So rest in peace Helen. Your struggle is over and your work is done. No more pain and suffering. Just rest and eternal peace.... we will never forget you xxxx

Moving on.

All was well in the world for our little family for the next few years. We were both working hard and the boys were in nursery.  Tom eventually started school at Stanfield and began his journey through life at Merchant Taylors in Crosby. In April 2004 we went on holiday to Jamaica and had a brilliant time.. When we got back life took an unexpected turn.

My dad became very unwell, suffering from bladder cancer and eventually died in March 2005. Helens dad was also unwell but was successfully treated for prostate cancer. Helens long battle with illness was also about to begin which was a massive source of stress to us all.

.Things started for Helen when she was lifting Cameron into bed one night. She woke up in severe pain in her neck and arm which was diagnosed as a prolapsed disc. She was in great pain for many months with this and was unable to work.  She became quite depressed at this time.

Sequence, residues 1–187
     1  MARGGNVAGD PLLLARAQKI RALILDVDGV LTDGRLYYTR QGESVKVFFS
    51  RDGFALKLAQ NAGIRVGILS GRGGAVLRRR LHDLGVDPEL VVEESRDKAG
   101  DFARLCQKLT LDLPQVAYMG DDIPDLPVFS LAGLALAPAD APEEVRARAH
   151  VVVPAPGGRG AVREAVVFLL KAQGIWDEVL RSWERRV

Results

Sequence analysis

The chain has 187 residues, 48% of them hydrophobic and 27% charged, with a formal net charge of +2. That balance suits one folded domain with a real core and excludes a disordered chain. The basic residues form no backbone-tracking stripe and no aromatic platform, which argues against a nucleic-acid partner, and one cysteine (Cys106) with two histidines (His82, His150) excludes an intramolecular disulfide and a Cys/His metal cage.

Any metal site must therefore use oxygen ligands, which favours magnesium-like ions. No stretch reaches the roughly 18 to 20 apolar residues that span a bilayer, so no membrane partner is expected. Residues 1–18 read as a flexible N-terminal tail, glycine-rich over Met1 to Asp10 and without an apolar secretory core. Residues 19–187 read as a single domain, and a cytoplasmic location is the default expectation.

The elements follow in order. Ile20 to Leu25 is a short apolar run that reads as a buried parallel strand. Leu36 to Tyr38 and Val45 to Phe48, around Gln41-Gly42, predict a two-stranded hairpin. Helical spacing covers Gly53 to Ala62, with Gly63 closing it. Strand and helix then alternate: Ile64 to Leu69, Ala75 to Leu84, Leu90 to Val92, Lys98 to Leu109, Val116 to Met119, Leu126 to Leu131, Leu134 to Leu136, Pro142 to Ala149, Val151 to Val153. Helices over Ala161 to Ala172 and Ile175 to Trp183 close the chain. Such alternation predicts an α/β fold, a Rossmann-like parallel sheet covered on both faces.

She also began to have abdominal pain and felt generally unwell. And lost a lot of weight very quickly. Eventually she was diagnosed with chronic pancreatitis which had been going on for many years. She was treated successfully but needed to take medication to help her absorb from food. Her pancreas was not producing enough enzymes to do this normally which explained the weight loss. All of this took many months with Helen working occasionally but unable to plan anything.

Both boys were now at school and Helen had left Eaton Road surgery after a dispute with the partners there. She decided she would work for herself as a locum GP.